Back-scattered electron imaging and elemental analysis of retrieved bone tissue following sinus augmentation with deproteinized bovine bone or biphasic calcium phosphate

C Lindgren, M Hallman, L Sennerby, Rachel Sammons

Research output: Contribution to journalArticle

41 Citations (Scopus)

Abstract

OBJECTIVES: To compare resorption of a synthetic biphasic calcium phosphate (BCP) bone-graft substitute with deproteinized bovine bone (DBB) used for human maxillary sinus augmentation. MATERIALS AND METHODS: Eleven patients underwent bilateral maxillary sinus floor augmentation with DBB in one side and a BCP (40%beta-tricalcium phosphate (beta-TCP) and 60% hydroxyapatite) in the contralateral side. Simultaneously, with the augmentation on each side a microimplant was placed vertically from the top of the alveolar crest penetrating the residual bone and the grafting material. Eight months after initial surgery the microimplants were retrieved with a surrounding bone core. The composition of residual graft material and surrounding bone was analysed by scanning electron microscopy and energy dispersive X-ray spectroscopy. RESULTS: Residual graft material of both types was present as 10-500 mum particles in direct contact with, or completely surrounded by, newly formed bone; smaller particles were also present in non-mineralized tissue. In the case of BCP the bone-graft substitute interface showed evidence of superficial disintegration of particles into individual grains. Median Ca/P ratios (at.%), determined from >200 discreet sites within residual graft particles and adjacent bone, were: DBB: 1.61 (confidence interval [CI] 1.59-1.64); BCP: 1.5 (CI 1.45-1.52); DBB-augmented bone: 1.62 (CI 1.59-1.66); BCP-augmented bone: 1.52 (CI 1.47-1.55); P=0.028 for DBB vs. BCP and DBB- vs. BCP-augmented bone. The reduction in Ca/P ratio for BCP over the healing period is consistent with the dissolution of beta-TCP and reprecipitation on the surface of calcium-deficient hydroxyapatite. CONCLUSION: The beta-TCP component of BCP may be gradually substituted by calcium-deficient hydroxyapatite over the healing period. This process and superficial degranulation of BCP particles may influence the progress of resorption and healing.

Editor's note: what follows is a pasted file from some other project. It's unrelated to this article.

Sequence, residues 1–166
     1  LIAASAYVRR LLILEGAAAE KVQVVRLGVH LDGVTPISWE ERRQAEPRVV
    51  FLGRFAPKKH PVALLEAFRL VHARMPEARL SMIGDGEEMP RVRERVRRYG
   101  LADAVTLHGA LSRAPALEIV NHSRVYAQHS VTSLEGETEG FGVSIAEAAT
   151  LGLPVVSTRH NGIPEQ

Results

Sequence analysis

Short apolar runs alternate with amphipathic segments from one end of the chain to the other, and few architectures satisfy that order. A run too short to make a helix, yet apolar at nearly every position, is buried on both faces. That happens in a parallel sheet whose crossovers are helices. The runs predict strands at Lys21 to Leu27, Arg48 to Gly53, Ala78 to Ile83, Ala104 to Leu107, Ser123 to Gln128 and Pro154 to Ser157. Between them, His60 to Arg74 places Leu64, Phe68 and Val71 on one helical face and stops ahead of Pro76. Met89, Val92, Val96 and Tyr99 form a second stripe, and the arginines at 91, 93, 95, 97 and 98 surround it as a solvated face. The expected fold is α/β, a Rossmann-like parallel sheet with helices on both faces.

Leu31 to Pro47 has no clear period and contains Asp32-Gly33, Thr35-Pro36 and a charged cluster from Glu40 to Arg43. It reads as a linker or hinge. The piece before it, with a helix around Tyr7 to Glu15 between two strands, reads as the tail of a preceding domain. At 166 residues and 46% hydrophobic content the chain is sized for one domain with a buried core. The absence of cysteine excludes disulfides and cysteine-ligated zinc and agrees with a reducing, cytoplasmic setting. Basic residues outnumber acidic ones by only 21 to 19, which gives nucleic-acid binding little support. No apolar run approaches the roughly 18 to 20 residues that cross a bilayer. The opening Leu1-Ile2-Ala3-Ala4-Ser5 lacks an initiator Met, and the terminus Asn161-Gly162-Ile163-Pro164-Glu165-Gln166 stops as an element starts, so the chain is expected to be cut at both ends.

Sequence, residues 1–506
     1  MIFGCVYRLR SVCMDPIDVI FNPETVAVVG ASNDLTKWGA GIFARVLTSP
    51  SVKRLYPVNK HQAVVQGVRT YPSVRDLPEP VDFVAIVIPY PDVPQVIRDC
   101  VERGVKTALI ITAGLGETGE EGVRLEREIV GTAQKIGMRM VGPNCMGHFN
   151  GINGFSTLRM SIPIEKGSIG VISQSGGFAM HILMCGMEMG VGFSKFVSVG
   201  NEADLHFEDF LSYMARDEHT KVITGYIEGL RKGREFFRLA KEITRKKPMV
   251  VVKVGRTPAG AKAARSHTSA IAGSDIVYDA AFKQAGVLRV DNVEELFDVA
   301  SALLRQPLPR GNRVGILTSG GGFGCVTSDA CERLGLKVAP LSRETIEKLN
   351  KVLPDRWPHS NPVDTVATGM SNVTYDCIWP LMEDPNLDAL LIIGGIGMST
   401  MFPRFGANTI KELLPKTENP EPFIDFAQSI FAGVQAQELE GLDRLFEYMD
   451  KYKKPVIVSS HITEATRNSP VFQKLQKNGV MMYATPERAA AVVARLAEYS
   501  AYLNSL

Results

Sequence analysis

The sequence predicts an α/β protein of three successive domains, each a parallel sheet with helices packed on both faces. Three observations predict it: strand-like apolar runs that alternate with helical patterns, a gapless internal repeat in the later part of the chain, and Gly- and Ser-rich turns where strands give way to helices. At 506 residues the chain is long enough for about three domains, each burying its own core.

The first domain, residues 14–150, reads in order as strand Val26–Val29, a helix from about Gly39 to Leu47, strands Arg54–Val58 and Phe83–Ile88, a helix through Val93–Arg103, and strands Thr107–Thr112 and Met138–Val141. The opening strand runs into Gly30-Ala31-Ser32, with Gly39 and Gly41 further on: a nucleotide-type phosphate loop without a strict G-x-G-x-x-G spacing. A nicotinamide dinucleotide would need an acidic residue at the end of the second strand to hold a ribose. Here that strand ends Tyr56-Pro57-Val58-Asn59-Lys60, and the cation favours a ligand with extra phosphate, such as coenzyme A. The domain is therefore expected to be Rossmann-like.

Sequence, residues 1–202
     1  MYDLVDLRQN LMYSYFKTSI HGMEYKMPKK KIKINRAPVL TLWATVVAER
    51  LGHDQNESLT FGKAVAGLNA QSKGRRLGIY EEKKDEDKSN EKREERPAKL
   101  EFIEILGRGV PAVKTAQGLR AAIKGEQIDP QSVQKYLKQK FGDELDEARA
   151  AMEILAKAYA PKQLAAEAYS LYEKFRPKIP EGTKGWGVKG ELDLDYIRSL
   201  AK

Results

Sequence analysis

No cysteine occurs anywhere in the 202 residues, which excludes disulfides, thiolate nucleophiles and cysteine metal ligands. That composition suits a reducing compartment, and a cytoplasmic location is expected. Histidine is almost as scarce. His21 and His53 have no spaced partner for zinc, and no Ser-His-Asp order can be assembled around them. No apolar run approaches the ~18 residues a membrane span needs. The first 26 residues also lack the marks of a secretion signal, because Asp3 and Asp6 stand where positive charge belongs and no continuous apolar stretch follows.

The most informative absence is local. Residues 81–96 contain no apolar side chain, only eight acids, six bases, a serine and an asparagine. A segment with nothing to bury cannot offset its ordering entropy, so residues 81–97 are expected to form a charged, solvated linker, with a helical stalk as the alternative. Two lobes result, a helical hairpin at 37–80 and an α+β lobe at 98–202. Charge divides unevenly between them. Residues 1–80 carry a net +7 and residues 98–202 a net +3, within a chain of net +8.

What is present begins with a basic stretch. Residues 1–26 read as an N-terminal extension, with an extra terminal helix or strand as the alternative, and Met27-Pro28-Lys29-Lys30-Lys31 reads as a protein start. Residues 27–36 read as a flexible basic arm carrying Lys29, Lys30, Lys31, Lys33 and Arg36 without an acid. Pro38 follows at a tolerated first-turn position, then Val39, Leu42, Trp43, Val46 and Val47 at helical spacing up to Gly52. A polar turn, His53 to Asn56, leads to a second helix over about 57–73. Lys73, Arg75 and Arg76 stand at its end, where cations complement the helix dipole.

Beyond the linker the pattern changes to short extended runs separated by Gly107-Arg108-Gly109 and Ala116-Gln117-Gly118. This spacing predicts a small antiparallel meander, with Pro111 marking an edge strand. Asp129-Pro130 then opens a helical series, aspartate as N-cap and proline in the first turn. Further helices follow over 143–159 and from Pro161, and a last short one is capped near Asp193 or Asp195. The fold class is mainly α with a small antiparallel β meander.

Original languageEnglish
Pages (from-to)924-30
Number of pages7
JournalClinical Oral Implants Research
Volume21
Issue number9
Early online date28 Jun 2010
DOIs
Publication statusPublished - 1 Sep 2010

Fingerprint

Dive into the research topics of 'Back-scattered electron imaging and elemental analysis of retrieved bone tissue following sinus augmentation with deproteinized bovine bone or biphasic calcium phosphate'. Together they form a unique fingerprint.

Cite this